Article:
For a long time, the science of genetics showed that acquired characteristics don’t change the DNA sequence and therefore can’t be passed on to the offspring. However, in recent years it is becoming evident that this isn’t true. For example, in a study scientists suggested that a parental high‐fat diet before the intrauterine developmental stage may increase body‐fat accumulation in the offspring.  This suggests the possibility that parental diet may influence the lifelong health of offspring and epigenetic inheritance may occur (Wu & Suzuki, 2006). Living conditions such as stress could also affect the offspring. Studies showed that distinct prenatal adversities predict decreased DNA methylation in a gene that is relevant for childbirth, maternal behaviour and the wellbeing of mother and offspring (Unternaehrer et al., 2016). Scientists call this phenomenon epigenetic inheritance. Certain modifications of DNA affect how genes are read.

A better learning ability was inherited

Physical and mental activity isn’t only good for your own brain. New studies suggest that these activities can influence the learning ability of offspring. They showed that exposure of adult male mice to an environmental enrichment paradigm leads to enhancement of synaptic plasticity and cognition also in the next generation. This form of epigenetic inheritance is mediated by certain RNA molecules. This RNA molecules influence the gene activity and accumulate after physical and mental activity in the brain and also in the germ cells (Benito et al., 2017)

In their experiment, they exposed mice to an environment in which they had a lot of exercises. Also, it is known that mental and physical activity improve cognitive abilities and reduce the risk of diseases such as Alzheimer (Scarmeas et al., 2009). How would this affect the later mouse offspring? In fact, the rodents apparently benefited from the stimulating living conditions in which their parents had lived. For example, they performed better in learning ability tests compared to offspring from a control group.

Synaptic plasticity was improved

Synaptic plasticity is the ability of nerve cells to adapt flexibly to new requirements and communicate well with one another. This is the basic foundation for learning. In this study, they demonstrated that exposure of adult mice to environmental enrichment significantly enhances hippocampal Long-Term-Potential and cognitive function in their offspring. Notably, offspring of fathers that had more activity had increased LTP compared to those born to fathers that were not active.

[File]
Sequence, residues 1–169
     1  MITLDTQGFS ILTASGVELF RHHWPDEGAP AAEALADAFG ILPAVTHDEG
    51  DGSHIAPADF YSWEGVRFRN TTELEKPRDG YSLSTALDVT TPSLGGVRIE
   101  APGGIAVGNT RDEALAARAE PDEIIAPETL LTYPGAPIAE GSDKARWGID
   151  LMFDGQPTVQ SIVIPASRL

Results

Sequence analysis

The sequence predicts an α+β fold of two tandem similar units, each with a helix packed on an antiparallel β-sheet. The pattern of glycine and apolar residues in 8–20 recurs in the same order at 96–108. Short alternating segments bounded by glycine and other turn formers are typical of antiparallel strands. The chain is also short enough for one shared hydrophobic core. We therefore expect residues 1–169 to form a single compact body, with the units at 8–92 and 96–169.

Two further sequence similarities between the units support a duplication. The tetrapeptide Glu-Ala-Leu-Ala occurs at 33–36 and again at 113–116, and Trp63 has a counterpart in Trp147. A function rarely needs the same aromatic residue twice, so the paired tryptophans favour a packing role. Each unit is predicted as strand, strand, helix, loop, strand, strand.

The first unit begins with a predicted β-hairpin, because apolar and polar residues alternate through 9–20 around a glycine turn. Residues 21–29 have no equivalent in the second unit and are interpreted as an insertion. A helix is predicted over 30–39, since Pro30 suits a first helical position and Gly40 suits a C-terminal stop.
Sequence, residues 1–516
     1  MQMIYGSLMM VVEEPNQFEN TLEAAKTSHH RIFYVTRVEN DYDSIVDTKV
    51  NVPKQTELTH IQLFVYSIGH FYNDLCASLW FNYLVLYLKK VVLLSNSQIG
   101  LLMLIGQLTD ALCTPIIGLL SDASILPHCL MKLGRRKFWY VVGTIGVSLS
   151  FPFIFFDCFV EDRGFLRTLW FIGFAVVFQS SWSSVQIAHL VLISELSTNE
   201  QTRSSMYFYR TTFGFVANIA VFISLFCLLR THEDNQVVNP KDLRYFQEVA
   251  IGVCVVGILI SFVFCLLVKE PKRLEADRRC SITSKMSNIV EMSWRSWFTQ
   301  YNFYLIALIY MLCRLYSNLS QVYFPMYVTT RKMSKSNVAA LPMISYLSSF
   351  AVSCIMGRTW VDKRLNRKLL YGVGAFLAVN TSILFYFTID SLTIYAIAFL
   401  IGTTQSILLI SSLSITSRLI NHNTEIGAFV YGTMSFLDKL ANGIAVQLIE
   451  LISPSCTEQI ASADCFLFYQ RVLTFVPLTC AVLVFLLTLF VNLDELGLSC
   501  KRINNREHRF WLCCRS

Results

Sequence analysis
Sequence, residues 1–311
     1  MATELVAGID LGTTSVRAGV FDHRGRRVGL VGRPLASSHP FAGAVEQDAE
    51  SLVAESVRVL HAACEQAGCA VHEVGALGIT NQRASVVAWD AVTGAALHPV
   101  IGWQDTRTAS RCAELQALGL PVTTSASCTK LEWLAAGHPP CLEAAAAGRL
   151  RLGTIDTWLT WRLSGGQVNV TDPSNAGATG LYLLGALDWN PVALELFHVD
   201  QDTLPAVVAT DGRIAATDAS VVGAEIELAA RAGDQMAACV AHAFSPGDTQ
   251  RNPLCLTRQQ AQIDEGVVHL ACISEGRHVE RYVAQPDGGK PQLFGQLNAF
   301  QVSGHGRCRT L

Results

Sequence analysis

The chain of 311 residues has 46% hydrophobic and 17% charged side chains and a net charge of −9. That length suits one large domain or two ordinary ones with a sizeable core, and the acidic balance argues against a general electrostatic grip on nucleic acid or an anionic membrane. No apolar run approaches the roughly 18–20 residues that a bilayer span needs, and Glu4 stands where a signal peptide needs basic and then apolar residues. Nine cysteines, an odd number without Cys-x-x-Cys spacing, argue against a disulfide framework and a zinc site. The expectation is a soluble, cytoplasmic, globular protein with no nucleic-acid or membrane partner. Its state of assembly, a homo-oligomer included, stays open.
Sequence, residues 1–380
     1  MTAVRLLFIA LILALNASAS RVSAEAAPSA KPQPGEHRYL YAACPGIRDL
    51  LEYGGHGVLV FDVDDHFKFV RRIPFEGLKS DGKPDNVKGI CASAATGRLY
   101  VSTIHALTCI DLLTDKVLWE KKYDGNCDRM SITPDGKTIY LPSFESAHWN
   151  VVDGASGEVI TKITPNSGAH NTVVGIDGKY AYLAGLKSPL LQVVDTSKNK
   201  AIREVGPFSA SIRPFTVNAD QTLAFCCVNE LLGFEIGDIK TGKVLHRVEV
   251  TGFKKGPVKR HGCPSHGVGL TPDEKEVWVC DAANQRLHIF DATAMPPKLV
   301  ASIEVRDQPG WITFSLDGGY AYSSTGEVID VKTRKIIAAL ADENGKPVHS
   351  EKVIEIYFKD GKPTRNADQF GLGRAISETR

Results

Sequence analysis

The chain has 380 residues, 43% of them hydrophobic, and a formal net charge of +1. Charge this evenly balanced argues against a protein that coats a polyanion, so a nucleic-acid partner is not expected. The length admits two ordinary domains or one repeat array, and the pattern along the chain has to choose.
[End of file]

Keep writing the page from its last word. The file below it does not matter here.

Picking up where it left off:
RNA influences gene activity

In their experiment, they extracted RNA from the sperm of the tested mice that were physically and mentally active. These were injected into fertilized eggs and examined the animals that developed from them. Further investigations revealed which RNAs were responsible for epigenetic inheritance. Thus, two so-called microRNAs – miRNA212 and miRNA132 – could explain the inherited learning ability.

These control molecules influence the activation of genes. In addition, they found that miRNA212 and miRNA132 accumulate in the brain and spermatozoa after physical and mental activity.

In humans, physical activity and mental training increase the ability to learn (Driskell et al., 1994; Fabre et al., 2002). It’s not easy to study whether our learning ability is epigenetically inherited or not in humans. However, these studies help us to have a better understanding of how physical and mental activity could influence our offsprings.

COPYRIGHT: This article is the property of We Speak Science, a non-profit institution co-founded by Dr. Detina Zalli (Harvard University) and Dr. Argita Zalli (Imperial College London). The article is written by Dardan Beqaj, M.Sc. Microbiology, Eberhard-Karls University of Tübingen).


Benito, Eva, et al. “RNA-dependent intergenerational inheritance of enhanced synaptic plasticity after environmental enrichment.” bioRxiv (2017): 178814.

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Unternaehrer, Eva, et al. “Maternal adversities during pregnancy and cord blood oxytocin receptor (OXTR) DNA methylation.” Social cognitive and affective neuroscience 11.9 (2016): 1460-1470.

Scarmeas, Nikolaos, et al. “Physical activity, diet, and risk of Alzheimer disease.” Jama 302.6 (2009): 627-637.

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